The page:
Many people, especially in the legal and political fields, use quotes by others against them. There is nothing objectionable about this practice, and the term quote-mining could apply to nearly every legal proceeding and political campaign.

Fact: Defining Quote Mining

While quoting relevant parts of judicial decisions is indeed widespread, and lawyers and politicians often quote one's own arguments against them to show a contradiction, "quote mining" as used is something else entirely. Quote mining implies selective quotation that, either negligently or purposefully, omits relevant parts from an argument. For example, consider the following invented quotation from an imaginary legal case.

"In the State of Commonwealth, it is well-settled principle of securities law that a corporate officer may not trade on insider information." Smith v. Jones, 129 Commonwealth Reporter 332 (Commonwealth 2008).

Now let us consider two quotations of the case.

A deceptive quotation uses an ellipsis to camouflage a point of authority that goes against one's argument.

However, Party X was completely within his rights to trade on this information. After all, "it is well-settled principle of securities law that a corporate officer may... trade on insider information."

An honest argument still quotes the authority source, but quotes all relevant parts.

However, Party X was completely within his rights to trade on this information. After all, "it is well-settled principle of securities law that a corporate officer may not trade on insider information," but Party X was not a corporate officer.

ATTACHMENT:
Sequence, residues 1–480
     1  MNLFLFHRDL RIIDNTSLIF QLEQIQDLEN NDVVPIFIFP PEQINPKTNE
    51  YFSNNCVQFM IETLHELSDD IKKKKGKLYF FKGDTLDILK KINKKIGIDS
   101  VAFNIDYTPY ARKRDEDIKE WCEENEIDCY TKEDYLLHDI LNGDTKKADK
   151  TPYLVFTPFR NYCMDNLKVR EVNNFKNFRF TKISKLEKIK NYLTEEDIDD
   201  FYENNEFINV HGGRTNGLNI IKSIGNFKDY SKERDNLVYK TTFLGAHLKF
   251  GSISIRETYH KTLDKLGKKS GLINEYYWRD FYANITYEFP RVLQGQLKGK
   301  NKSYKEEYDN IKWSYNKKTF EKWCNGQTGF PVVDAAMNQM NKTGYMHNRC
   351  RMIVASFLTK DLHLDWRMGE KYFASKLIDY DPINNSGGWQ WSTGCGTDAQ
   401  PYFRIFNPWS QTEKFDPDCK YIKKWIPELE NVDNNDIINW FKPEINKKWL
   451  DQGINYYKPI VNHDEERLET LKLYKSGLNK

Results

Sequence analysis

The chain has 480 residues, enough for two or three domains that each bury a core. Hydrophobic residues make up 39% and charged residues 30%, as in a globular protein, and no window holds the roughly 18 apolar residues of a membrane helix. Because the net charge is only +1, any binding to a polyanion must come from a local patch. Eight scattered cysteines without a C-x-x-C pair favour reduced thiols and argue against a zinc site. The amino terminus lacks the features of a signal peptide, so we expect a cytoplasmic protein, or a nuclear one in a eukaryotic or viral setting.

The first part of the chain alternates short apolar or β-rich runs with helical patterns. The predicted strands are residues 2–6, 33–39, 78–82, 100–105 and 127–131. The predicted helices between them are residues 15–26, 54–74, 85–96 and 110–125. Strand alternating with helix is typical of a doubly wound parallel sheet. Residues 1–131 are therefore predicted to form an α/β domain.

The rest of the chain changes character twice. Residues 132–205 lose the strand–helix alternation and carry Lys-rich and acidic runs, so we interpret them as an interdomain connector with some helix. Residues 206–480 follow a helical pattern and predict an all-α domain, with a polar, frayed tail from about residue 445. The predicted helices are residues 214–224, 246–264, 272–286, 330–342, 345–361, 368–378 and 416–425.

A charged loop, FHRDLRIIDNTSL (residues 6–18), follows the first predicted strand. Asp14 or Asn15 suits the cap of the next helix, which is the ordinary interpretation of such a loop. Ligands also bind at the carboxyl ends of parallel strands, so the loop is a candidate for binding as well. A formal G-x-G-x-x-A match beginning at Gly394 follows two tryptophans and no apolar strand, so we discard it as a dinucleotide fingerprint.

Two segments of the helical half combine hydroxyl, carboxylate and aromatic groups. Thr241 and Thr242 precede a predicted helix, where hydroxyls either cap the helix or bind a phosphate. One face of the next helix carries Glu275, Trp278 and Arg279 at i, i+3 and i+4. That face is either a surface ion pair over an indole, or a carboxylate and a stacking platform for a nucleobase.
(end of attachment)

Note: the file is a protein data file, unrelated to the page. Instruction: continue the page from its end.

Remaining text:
This should demonstrate that an accusation of "quote mining" is not merely an indictment for appealing to authority, a well-settled tactic indeed - the accusation is of appealing to authority in a selective manner, so as to distort and confound the actual meaning of the authority.

Fact: The Law on an Attorney's Quote Mining

Attorneys are under a well-settled duty not to misrepresent authority to a court of law. In essence, they may not "quote mine." By way of example, a Federal Circuit Court in 2003 disciplined an attorney for selectively quoting elements of a court opinion. The attorney, faced with a charge of contempt of court for delaying filing a motion by twelve days when the court ordered her to do so "forthwith," explained that, by settled law,[4] "Forthwith means immediately, without delay, or as soon may be accomplished by reasonable exertion."[4] She neglected to cite the following sentence, which explained that "forthwith" generally means, "within twenty-four hours,"[4] apparently hoping that, without this qualification, the court would read "forthwith" as implying no time constraint other than necessity.

The court which received the attorney's brief was not amused. In censuring the attorney, they wrote,

The effect of Walser's editing of this material and ignoring the Supreme Court decision that dealt with the issue - a decision that seriously weakened her argument - was to give the Court a misleading impression of the state of the law on the point. She eliminated material that indicated that her delay in filing the motion for reconsideration had not met the court's requirement that she file "forthwith," and presented the remaining material in a way that overstated the basis for her claim that a "forthwith" filing requirement meant she could take whatever time would be reasonable in the circumstances. This distortion of the law was inconsistent with and violated the standards of Rule 11.[5]

Rule 11 forbids attorneys from arguing in a misleading manner. Clearly, this federal circuit thinks that "quote mining" is a reprehensible act contrary to intellectual and academic rigor. There is indeed something objectionable about the practice, and the term "quote mining" ought not "apply to nearly every legal proceeding and political campaign."


  2. For example, the Quote Mine Project documents many fallacious quotes, but the classification is controversial.
  3. According to, the first known use was in 1996.
  4. 4.0 4.1 4.2 The attorney cited City of New York v. McAllister Brothers, Inc., 278 F.2d 708, 710.
  5. Precision Specialty Metals, Inc. v. United States, 315 F.3d 1346 (Fed. Cir. 2003).

External Links

See Also